fresh voices from the front lines of change







As noted in yesterday’s edition of Progressive Breakfast, Marc Ambinder recently laid out the conservative strategy to attack any economic recovery program:

A trillion dollars worth of government spending over the course of a few years is a ripe target for conservatives. Think back to the (Bill-Clinton/Joe Biden!) crime bill of 1994, when Republicans rallied their base against the legislation by ridiculing a tiny part of it — proposals to expand midnight basketball leagues as a way of keeping kids off the streets and out of gangs. Watch for Republicans to settle on a handful of objectionable items and create the impression that the entire enterprise is suspect.

CNN just decided to help conservatives execute that strategy.

The headline reads “Mayors’ infrastructure request full of pork, critic says.” And what does that story say?

A report to Congress that requests $73.2 billion to pay for infrastructure projects around the country includes plans for a polar bear exhibit, an anti-prostitution program, a water park ride, zoos, museums and aquatic centers, CNN has found.

The U.S. Conference of Mayors went to Capitol Hill earlier this month with a report listing 11,391 infrastructure projects proposed by 427 cities. The mayors claimed the proposal would create 847,641 jobs in 2009 and 2010.

Pete Sepp, vice president of the National Taxpayers Union, said the polar bear exhibit and many of the other proposals in the report are just plain pork.

“To the people supporting them, these proposals aren’t a joke, but to the taxpayers funding them, yes — this will be a joke for them, only they won’t be laughing,” Sepp said.

Those projects — plus money for aquatic centers, museums, bike paths, zoos, skateboard parks, dog and equestrian parks, police department stun guns, tree planting and murals — total $376.5 million.

There are three damning flaws with the above report.

1) Do the math. CNN claims the mayors’ request includes $376.5 million of “pork.” But the entire request totals $73.2 billion.

That means one-half of one percent of the proposal is pork, and 99.5% are solid requests.

How is that “full of pork?”

2) Where’s the pork? CNN pulls the classic trick of taking something that looks trivial at first glance and deeming it pork, without doing any investigation into the proposed project and underlying rationale.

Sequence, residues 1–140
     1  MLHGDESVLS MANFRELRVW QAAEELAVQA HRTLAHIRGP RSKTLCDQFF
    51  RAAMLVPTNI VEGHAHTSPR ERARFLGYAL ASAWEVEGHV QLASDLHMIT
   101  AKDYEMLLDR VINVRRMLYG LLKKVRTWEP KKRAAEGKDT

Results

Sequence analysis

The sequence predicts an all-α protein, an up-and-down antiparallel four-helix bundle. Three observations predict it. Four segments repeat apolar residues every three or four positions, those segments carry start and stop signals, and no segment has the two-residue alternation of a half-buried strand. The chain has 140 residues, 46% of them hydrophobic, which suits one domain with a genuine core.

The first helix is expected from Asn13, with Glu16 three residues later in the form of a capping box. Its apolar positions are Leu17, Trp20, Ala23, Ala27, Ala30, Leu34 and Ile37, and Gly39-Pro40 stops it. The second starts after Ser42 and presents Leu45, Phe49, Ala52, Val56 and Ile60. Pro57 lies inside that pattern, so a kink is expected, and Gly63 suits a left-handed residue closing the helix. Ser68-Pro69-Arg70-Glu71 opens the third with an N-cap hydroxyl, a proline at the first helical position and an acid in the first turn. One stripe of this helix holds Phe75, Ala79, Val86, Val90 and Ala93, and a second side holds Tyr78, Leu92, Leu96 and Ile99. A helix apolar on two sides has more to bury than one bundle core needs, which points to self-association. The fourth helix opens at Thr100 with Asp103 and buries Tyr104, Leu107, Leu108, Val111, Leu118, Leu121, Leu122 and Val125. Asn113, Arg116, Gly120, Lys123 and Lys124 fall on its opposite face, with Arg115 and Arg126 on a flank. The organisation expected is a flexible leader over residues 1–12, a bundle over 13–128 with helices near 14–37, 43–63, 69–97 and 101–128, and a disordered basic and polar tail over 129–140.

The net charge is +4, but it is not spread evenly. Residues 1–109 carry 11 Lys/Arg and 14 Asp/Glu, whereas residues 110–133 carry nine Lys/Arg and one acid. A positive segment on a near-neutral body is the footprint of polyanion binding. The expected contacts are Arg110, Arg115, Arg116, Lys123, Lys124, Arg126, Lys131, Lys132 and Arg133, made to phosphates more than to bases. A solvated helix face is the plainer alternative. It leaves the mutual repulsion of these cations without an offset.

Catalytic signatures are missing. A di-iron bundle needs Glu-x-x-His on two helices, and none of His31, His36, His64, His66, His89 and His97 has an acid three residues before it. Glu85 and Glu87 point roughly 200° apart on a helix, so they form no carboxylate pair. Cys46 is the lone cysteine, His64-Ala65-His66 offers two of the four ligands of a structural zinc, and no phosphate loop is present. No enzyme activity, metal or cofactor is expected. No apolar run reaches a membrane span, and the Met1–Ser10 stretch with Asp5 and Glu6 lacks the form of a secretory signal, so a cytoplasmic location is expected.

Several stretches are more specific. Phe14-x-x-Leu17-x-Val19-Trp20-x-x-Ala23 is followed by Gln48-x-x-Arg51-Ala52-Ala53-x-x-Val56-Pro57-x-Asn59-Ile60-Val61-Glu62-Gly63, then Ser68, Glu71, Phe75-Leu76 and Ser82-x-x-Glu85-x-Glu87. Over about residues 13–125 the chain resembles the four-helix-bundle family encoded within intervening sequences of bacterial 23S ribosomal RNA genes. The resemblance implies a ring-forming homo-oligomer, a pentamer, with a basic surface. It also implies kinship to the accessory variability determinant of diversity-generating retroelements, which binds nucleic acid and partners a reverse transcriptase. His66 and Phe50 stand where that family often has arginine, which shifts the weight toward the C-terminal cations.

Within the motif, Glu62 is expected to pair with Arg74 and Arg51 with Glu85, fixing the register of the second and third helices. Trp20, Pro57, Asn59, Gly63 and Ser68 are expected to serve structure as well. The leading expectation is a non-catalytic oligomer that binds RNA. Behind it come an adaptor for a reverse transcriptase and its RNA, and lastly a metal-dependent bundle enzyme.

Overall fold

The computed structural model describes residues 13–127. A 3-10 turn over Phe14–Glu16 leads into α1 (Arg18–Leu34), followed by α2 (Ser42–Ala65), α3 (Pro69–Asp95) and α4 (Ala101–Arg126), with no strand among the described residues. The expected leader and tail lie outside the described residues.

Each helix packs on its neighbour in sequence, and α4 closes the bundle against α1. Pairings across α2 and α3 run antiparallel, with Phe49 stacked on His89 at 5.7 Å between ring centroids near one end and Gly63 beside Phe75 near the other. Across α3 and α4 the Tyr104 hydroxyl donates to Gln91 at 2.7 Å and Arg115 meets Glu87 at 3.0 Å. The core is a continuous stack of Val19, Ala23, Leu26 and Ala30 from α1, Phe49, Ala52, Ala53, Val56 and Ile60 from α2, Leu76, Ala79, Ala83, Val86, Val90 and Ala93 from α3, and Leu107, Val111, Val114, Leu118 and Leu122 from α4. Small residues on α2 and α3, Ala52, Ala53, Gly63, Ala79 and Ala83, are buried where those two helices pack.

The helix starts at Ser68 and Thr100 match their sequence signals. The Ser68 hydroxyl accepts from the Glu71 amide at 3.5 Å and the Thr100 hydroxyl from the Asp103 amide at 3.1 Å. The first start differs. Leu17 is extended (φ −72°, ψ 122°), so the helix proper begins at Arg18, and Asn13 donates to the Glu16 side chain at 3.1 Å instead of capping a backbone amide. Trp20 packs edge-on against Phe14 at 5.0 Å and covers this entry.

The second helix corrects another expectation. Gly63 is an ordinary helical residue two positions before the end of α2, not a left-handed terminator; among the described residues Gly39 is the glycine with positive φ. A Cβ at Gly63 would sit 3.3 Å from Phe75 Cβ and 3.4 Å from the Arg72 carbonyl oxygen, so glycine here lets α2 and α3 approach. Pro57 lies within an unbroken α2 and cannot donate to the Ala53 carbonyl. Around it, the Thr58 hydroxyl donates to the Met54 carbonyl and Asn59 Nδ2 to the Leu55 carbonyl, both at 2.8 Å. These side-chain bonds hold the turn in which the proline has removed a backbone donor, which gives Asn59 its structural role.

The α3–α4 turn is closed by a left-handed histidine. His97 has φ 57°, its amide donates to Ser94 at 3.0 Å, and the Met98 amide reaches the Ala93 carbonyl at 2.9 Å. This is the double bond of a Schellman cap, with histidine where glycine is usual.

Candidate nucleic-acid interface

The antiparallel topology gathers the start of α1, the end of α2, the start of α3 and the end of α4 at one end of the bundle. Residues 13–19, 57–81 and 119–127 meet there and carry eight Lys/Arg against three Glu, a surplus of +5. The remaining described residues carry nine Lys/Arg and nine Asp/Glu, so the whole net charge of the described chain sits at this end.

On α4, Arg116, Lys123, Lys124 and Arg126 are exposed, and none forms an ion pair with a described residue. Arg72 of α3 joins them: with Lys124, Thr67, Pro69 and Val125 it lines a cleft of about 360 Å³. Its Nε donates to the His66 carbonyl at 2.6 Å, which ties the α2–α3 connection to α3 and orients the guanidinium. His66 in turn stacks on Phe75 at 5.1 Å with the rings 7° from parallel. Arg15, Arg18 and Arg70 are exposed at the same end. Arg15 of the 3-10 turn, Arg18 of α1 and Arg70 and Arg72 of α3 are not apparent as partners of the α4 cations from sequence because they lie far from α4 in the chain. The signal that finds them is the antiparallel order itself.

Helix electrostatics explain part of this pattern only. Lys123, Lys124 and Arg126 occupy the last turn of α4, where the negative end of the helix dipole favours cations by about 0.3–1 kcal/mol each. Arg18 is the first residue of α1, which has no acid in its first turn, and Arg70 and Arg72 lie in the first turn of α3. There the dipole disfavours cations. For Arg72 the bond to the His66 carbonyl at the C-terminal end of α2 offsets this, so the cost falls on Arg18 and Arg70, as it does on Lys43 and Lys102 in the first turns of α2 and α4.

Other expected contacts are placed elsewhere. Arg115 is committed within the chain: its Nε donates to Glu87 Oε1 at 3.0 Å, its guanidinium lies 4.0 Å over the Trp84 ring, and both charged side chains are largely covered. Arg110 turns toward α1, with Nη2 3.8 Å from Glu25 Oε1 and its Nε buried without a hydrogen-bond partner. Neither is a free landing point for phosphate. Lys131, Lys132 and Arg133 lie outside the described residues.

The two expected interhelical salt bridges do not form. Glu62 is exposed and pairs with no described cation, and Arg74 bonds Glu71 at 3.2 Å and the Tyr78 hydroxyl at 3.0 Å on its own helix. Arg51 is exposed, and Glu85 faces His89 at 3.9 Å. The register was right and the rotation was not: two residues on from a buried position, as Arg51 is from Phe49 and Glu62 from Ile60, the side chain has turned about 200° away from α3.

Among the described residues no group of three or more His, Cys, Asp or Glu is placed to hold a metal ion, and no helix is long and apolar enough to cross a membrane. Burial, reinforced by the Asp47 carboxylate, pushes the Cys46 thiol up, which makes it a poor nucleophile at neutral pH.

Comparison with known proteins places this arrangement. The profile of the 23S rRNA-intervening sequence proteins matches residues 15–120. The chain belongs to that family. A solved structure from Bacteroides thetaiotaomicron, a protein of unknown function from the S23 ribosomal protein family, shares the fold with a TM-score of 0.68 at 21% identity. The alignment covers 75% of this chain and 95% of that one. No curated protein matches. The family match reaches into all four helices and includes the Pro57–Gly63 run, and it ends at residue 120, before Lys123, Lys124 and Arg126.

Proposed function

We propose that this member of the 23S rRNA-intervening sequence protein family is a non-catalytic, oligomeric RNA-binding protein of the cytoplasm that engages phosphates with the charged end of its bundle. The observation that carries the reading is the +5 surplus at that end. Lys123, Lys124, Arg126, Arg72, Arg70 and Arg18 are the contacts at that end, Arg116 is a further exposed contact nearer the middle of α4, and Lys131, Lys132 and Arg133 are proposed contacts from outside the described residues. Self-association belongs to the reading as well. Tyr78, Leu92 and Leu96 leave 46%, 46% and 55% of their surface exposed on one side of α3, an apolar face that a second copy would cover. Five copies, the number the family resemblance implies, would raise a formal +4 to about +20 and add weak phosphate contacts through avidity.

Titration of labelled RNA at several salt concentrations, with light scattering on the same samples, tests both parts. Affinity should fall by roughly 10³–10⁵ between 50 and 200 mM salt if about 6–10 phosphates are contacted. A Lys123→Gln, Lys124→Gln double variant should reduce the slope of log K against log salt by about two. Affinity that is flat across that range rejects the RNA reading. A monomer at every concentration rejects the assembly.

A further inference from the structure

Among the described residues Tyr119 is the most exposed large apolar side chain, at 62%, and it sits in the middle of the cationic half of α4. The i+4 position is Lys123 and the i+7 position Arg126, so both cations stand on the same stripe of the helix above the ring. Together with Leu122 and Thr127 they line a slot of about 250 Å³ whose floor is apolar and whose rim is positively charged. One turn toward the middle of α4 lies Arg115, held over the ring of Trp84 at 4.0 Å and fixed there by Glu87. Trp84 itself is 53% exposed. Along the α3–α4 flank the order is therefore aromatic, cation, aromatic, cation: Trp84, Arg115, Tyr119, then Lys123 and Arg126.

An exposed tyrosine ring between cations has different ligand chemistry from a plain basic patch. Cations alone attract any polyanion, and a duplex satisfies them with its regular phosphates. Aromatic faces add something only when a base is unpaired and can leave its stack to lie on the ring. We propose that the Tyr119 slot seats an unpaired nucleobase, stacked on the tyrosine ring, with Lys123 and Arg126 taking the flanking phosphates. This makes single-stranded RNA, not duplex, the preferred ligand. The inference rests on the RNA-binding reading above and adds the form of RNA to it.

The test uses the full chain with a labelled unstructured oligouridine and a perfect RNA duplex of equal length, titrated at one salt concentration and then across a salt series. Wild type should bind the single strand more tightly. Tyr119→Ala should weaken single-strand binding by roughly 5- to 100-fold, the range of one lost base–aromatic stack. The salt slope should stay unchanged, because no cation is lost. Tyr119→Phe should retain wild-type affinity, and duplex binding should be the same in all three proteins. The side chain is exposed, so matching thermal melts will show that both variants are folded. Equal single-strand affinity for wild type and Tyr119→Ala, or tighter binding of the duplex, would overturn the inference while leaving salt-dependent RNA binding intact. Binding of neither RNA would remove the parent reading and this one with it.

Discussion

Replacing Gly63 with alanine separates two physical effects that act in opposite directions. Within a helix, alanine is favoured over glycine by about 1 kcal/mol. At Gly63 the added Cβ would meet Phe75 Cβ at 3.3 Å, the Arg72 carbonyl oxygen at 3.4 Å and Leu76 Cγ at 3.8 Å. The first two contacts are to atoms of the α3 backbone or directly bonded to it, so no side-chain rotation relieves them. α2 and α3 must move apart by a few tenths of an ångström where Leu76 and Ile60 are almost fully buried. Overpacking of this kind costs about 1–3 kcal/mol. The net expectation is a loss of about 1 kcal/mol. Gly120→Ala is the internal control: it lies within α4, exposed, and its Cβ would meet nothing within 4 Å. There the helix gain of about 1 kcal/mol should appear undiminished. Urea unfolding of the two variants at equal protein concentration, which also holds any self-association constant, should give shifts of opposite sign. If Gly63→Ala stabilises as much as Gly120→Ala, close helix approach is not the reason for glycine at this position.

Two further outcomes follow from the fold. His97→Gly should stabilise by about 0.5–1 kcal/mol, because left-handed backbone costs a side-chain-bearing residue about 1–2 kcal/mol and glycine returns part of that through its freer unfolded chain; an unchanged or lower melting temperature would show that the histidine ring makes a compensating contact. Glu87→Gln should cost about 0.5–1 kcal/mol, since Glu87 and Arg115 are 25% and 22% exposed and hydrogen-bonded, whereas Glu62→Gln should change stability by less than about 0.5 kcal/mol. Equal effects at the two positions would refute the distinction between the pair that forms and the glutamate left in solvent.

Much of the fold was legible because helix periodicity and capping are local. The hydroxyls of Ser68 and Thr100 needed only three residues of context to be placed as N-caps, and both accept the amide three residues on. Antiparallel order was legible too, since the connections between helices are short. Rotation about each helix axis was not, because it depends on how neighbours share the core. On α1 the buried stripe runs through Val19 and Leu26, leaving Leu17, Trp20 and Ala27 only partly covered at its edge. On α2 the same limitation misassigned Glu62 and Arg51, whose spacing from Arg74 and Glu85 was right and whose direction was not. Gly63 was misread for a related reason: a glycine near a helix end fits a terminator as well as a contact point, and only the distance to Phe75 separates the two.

Bike paths in particular are often egregiously lumped in as pork, when they are often an inexpensive way to provide transportation alternatives that reduce oil dependence and promote good health.

The televised version of the report (which aired today on “The Situation Room”) harps on a $1.5M request for a new ride in a Miami water park. Sounds silly. But as the Moms Miami blog noted when the water park opened earlier this year, it is successfully providing Miami families with a safe, inexpensive recreational option for kids.

That’s the sort of thing that makes communities vibrant and livable. Maybe it provides incentive for families to stay in Miami. Maybe it raises property values. Maybe it’s an economic boost.

Or maybe not. I don’t know for sure if expanding this water park is an economically wise investment for taxpayers. And neither does CNN.

For all I know, there’s even more pork in the report than CNN concludes from making knee-jerk reactions to the one-line descriptions in the mayors’ report. That’s why we need an “infrastructure bank” to assess these requests on the merits, which Institute for America’s Future has proposed, and President-Elect Obama has proposed.

3) Relying on conservative hacks. The only attempt by CNN to get perspective on the mayors request was to run to the conservative National Taxpayers Union.

NTU has not done any research into these specific requests and can’t give any informed opinion what is pork and what isn’t. It has a clear agenda to attack any public investment, and CNN gave it undeserved credibility and a platform.

Further, after eight years of conservative government neglecting our infrastructure and driving our economy into the ground, these are the last people we want to rely on to assess the merits of infrastructure projects.

Good journalism into these requests is warranted. The public has a right to weigh in on how their taxpayer dollars are being proposed to be invested.

But this sort of drive-by journalism is nothing but a hit job.

It is imperative for us to prevent conservatives and their media enablers from focusing the economic recovery debate on “a handful of [allegedly] objectionable items” instead of the big picture: revitalizing our economy with public investment in clean energy, clean water, rail, roads, bridges, broadband, healthcare and education.

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